USCIS recently announced that it will be providing special assistance to “customers” affected by Hurricane Matthew. Such an action is commendable. The U.S. has a long tradition of aiding those who have survived natural disasters. But why is USCIS referring to the foreign applicants it is charged with vetting as customers?
Government executives have begun applying private sector management techniques in order to improve the performance of their organizations. Private companies sell a product or service to a clearly defined group of purchasers – their customers. The primary aim is to provide good “customer service” in order to keep customers coming back. Therefore it has become trendy to view those who interact with executive agencies as customers.
Does that model work for a government agency? Not really. Being a customer implies that one has entered into an association with a vendor in order to conduct a quid pro quo transaction. If you pay an online bookseller $20 for a book, it becomes obligated to send you the requested volume or refund your money. Generally speaking, retail businesses don’t vet their customers or refuse to sell to them if they don’t meet certain criteria. The only requirement that most vendors impose is that the customer exchange cash for goods or services.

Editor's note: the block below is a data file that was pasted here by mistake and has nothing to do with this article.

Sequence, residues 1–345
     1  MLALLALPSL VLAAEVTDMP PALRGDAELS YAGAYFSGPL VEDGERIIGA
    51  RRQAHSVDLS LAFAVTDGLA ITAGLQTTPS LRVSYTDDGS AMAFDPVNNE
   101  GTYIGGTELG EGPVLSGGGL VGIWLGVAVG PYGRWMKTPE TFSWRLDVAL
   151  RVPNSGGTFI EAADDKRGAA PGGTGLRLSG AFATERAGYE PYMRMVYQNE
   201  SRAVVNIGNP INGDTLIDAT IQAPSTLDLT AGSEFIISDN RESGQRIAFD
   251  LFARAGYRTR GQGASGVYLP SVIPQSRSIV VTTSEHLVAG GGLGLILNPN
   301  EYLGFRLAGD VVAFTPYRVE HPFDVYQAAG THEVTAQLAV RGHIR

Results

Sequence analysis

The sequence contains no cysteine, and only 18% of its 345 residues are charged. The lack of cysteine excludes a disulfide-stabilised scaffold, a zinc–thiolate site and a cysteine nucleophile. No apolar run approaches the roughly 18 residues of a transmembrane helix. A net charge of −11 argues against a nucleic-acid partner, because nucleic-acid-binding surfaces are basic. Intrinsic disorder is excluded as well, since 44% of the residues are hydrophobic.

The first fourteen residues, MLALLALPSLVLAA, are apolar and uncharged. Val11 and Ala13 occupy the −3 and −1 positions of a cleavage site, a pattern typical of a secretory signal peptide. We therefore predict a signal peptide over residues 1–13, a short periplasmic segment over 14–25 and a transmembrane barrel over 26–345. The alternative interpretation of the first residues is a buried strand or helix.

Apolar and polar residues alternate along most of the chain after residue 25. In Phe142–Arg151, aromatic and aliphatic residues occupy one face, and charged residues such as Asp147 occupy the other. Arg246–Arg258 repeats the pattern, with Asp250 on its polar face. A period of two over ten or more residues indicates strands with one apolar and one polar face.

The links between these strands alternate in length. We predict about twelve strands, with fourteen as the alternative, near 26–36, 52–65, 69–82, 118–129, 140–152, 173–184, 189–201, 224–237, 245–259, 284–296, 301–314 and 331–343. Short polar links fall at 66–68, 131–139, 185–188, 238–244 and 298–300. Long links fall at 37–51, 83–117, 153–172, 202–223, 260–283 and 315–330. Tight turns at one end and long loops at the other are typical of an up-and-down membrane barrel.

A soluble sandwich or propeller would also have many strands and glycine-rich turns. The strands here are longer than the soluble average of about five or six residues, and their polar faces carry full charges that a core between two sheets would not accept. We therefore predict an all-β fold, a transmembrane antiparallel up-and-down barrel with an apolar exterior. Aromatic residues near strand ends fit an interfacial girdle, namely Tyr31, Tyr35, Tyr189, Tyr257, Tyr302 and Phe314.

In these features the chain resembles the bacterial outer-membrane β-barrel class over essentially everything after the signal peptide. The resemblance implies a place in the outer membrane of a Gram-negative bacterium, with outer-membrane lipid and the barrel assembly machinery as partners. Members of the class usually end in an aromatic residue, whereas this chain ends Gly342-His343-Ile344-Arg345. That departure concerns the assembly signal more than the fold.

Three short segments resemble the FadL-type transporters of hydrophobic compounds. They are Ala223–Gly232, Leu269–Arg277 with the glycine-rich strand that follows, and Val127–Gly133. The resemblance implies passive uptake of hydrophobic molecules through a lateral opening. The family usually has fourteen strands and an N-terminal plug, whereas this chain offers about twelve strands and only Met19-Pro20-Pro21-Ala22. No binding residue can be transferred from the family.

But USCIS isn’t selling anything. It is an agency of the federal government responsible for enforcing administrative law. Foreign nationals seeking permission to enter or remain in the U.S. pay a fee to cover the administrative costs of processing their applications. They are entitled to be treated with dignity and respect. But USCIS is never obligated to deliver an approval simply because the applicant paid. The key issue is whether an applicant qualifies under the law, not the exchange of funds.
The notion that USCIS serves foreign customers is the primary driver behind its assembly line mentality and reckless efforts to approve as many immigration applications as quickly as possible. Lawful immigration status is not for sale.
But USCIS should be serving Americans. Its primary function is to protect Americans by enforcing the immigration laws of the United States. If it insists on using strained business metaphors, USCIS should make it clear that its true customer is the American public.